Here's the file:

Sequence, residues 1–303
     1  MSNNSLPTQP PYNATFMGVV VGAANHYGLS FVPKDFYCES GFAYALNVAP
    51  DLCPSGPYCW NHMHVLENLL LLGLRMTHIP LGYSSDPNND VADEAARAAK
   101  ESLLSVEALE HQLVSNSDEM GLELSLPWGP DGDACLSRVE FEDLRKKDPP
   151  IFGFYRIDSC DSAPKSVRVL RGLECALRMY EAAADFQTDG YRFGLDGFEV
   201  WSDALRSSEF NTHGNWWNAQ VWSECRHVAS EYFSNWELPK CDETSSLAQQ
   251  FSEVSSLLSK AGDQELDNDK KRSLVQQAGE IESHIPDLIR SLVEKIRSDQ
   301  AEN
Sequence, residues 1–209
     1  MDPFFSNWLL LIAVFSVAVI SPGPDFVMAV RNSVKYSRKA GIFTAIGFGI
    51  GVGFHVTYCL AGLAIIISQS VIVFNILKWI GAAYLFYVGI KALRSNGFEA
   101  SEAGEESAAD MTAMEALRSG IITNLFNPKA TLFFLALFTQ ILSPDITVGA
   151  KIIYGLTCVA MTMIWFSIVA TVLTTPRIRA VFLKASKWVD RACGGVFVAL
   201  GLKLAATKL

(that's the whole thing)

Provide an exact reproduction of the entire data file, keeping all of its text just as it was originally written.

Sequence, residues 1–303
     1  MSNNSLPTQP PYNATFMGVV VGAANHYGLS FVPKDFYCES GFAYALNVAP
    51  DLCPSGPYCW NHMHVLENLL LLGLRMTHIP LGYSSDPNND VADEAARAAK
   101  ESLLSVEALE HQLVSNSDEM GLELSLPWGP DGDACLSRVE FEDLRKKDPP
   151  IFGFYRIDSC DSAPKSVRVL RGLECALRMY EAAADFQTDG YRFGLDGFEV
   201  WSDALRSSEF NTHGNWWNAQ VWSECRHVAS EYFSNWELPK CDETSSLAQQ
   251  FSEVSSLLSK AGDQELDNDK KRSLVQQAGE IESHIPDLIR SLVEKIRSDQ
   301  AEN
Sequence, residues 1–209
     1  MDPFFSNWLL LIAVFSVAVI SPGPDFVMAV RNSVKYSRKA GIFTAIGFGI
    51  GVGFHVTYCL AGLAIIISQS VIVFNILKWI GAAYLFYVGI KALRSNGFEA
   101  SEAGEESAAD MTAMEALRSG IITNLFNPKA TLFFLALFTQ ILSPDITVGA
   151  KIIYGLTCVA MTMIWFSIVA TVLTTPRIRA VFLKASKWVD RACGGVFVAL
   201  GLKLAATKL